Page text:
Rare Books Blog

March 17, 2011

The Law Librarians of New England are meeting today here at the Yale Law School. In honor of their visit, I’ve posted a new gallery in our Flickr site, “Law Libraries”, with images of both real and imaginary law libraries. Below is one of my favorites, the frontispiece for the 1743 edition of a popular legal bibliography, Bibliotheca iuris selecta by Burkhard Gotthelf von Struve (1671-1738). Struve’s legal bibliography was first published in 1703 and went through nine editions. It’s interesting to note that a direct descendent of the author, Henry Clay von Struve (1874-1933), was the first fulltime law librarian of the University of Texas Law Library, in 1895.

MIKE WIDENER
Rare Book Librarian

March 4, 2011

Among the most outstanding illustrated law books of all times is an edition of Justinian’s Institutes published by a member of the Giunta printing dynasty of Venice, Instituta novissime recognita aptissimisq[ue] figuris exculta (Venice: Luca-Antonio Giunta, 1516). The “aptissimae figurae” are small woodcut vignettes that introduce 22 of the titles in the Institutes. Below is the woodcut for Inst. 2.10, De testamentis ordinandis (Of the execution of wills), showing a man dictating his last will from his sickbed. The Roman emperor Justinian promulgated the Institutes as a textbook for students of Roman law, and remained the standard introduction to Roman law for students throughout the medieval and early modern periods.

All 22 woodcuts are in a new gallery on our Flickr site, Justinian’s Institutes illustrated. The images appear first in two-page spreads, showing them in context, and then as cropped images of the woodcuts themselves. The image titles cite the title of the Institutes where the woodcut appears (i.e. “Inst.2.10” is Book 2, Title 10 of the Institutes), followed by the title in Latin and an English translation taken from R. W. Lee, The Elements of Roman Law, with a Translation of the Institutes of Justinian (London: Sweet & Maxwell, 1944).

This edition of the Institutes is stylistically a companion to the three heavily illustrated volumes of the Corpus Juris Canonici that Luca-Antonio Giunta published in 1514: Gratian’s Decretum, the Decretals of Gregory IX, and the Liber Sextus of Boniface VIII, all of which we were fortunate to acquire in 2009.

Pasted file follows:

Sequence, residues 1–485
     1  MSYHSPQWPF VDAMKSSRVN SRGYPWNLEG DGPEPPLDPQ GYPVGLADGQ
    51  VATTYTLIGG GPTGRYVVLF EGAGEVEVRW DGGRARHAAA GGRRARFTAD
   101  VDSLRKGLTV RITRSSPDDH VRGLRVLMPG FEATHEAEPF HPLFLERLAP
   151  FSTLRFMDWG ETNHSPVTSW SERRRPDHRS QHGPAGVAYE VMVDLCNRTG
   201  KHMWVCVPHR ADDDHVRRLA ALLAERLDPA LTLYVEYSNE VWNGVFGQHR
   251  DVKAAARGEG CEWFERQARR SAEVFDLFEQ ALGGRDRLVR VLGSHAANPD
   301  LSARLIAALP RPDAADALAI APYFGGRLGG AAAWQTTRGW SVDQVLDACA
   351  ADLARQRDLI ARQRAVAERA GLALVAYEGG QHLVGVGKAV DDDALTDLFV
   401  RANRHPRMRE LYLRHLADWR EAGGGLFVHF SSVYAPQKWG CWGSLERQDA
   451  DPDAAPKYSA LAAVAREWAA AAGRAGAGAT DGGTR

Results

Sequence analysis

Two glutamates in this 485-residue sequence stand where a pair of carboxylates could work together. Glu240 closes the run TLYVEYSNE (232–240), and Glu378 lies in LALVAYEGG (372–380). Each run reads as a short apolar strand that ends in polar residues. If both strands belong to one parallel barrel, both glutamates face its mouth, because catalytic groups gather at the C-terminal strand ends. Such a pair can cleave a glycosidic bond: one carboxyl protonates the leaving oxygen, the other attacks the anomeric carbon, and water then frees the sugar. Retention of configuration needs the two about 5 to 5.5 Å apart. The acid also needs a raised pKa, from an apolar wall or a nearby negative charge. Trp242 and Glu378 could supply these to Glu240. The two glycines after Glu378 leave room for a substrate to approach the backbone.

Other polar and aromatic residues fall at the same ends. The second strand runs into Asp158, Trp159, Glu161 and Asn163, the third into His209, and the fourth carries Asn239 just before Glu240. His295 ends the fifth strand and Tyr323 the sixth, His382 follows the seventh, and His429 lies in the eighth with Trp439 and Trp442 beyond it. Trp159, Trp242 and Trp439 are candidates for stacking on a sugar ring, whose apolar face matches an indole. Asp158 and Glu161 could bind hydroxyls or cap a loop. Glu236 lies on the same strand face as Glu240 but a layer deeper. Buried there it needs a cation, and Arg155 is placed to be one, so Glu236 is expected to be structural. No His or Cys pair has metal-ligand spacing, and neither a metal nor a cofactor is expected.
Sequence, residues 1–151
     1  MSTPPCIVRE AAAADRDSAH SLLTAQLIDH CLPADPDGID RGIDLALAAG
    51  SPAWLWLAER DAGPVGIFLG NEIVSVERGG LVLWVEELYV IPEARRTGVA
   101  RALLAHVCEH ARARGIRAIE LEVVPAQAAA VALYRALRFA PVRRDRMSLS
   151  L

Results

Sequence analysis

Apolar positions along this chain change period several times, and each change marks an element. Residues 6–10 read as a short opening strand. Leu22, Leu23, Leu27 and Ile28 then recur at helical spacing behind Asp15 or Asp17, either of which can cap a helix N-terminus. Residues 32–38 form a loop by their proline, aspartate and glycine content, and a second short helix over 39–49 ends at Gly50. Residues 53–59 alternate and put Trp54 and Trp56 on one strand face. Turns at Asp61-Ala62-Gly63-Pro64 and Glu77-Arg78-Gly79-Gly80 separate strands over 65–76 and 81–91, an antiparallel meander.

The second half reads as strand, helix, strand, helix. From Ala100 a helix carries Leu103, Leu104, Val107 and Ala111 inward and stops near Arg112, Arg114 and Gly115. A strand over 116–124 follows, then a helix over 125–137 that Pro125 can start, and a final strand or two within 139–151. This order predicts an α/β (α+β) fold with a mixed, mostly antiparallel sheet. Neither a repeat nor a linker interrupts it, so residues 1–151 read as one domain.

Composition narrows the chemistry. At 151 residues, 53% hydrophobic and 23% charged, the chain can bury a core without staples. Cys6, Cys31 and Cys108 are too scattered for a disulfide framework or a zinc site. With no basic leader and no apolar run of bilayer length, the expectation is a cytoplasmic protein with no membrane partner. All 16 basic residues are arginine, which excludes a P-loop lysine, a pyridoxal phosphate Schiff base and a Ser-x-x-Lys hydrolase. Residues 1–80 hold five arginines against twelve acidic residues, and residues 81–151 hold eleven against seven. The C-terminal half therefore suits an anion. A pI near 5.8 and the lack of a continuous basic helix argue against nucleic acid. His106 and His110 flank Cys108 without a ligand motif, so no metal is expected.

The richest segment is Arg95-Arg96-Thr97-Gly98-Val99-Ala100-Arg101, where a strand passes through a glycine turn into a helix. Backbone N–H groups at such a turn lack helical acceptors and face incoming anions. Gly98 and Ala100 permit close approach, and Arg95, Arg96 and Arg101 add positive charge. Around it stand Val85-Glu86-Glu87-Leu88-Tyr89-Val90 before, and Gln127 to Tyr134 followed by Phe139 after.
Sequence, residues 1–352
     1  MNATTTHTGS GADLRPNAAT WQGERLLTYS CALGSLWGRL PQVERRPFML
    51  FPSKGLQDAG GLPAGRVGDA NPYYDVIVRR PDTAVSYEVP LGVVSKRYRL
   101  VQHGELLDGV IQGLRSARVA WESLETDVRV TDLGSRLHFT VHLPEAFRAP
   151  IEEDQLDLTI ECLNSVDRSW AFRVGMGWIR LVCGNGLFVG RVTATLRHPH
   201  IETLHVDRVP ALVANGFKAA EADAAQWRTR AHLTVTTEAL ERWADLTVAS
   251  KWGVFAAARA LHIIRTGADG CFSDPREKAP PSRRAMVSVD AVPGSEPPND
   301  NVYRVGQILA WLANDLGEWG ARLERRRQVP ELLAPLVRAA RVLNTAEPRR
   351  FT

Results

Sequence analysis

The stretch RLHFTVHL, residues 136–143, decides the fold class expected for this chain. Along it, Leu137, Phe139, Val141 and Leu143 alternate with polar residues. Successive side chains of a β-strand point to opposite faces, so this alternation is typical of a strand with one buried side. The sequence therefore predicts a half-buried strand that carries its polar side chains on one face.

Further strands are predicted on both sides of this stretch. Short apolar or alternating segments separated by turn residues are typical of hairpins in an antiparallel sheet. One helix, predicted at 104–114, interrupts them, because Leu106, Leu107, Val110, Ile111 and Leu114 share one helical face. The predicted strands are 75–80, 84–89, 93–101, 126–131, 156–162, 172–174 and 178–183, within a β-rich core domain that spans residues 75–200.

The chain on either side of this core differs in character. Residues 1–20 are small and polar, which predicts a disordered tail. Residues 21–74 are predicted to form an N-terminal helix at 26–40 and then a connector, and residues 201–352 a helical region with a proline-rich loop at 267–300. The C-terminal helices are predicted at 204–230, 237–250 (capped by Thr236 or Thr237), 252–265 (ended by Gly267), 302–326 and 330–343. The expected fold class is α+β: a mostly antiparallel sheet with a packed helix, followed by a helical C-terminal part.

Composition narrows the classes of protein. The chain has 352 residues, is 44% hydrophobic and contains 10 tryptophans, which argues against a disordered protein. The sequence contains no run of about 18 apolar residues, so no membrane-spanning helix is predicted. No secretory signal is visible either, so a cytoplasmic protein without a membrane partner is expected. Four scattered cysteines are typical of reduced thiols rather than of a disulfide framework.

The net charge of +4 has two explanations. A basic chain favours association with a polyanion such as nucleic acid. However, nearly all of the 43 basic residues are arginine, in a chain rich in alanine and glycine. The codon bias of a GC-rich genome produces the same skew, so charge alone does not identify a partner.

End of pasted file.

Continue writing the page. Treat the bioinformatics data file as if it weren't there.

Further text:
MIKE WIDENER

Rare Book Librarian

 

February 24, 2011

This past month I’ve added 44 additional images containing depictions of Justitia (Lady Justice), to our Flickr gallery Justitia: Iconography of Justice. In addition, the Courtroom Scenes gallery grew by a dozen or so images. Below is an image that now appears in both places: it is the frontispiece to Johann Stephan Burgermeister’s Teutsches corpus juris publici & privati, oder, Codex diplomaticus (Ulm: In Verlegung Johann Conrad Wohlers Buchhändlers, 1717), and shows Lady Justice as the presiding judge, encouraging the downtrodden of the Holy Roman Empire to draw near and enter their pleas.

For the past several months I’ve been scouring our collection for such images, and also buying books containing images of Justitia, as part of our collecting focus on illustrated law books. The project has taken on additional relevance with the publication of Representing Justice: Invention, Controversy, and Rights in City-states and Democratic Courtrooms by Yale Law professors Judith Resnik and Dennis Curtis (Yale University Press, 2011), and the Spring 2011 seminar, “Representing Justice,” taught by Professors Resnik and Curtis. See the Law Library’s Representing Justice page in its Document Collection Center.

I’ve discovered that an Italian law library shares our interest in images of Lady Justice. The law library of the Università di Modena e Reggio Emilia has built an excellent website, Immagini della Giustizia. The user can view examples based on their role in the printed book (frontispiece, headpieces, initials, architectural borders, etc.), as well as via iconography (the scales, sword, blindfold, etc.). I don’t read Italian, and I still found the site easy to navigate. It also has a thorough bibliography. Our rare book collection owns very few of the examples in the Modena website, so I have new titles to pursue!

MIKE WIDENER
Rare Book Librarian

February 8, 2011

Abraham Fraunce, 1559-1592/93. The lawiers logike, exemplifying the praecepts of logike by the practise of the common lawe (London, 1588). Rare Book Collection, Lillian Goldman Law Library; gift of Mary Kane Blair in memory of Waring Roberts, Law 1940.

Abraham Fraunce was called to the bar at Gray’s Inn and practiced law in Wales, but is better known as a minor poet and rhetorician. A member of Sir Philip Sidney’s circle, his works summarized classical and continental writers for English readers. In The Lawyers Logike, Fraunce applied French understandings of rhetoric and logic to the practices of English common lawyers to show that law and logic, when properly applied, could work together. In the introduction to the text he wrote:

If Lawes by reason framed were, and grounded on the same;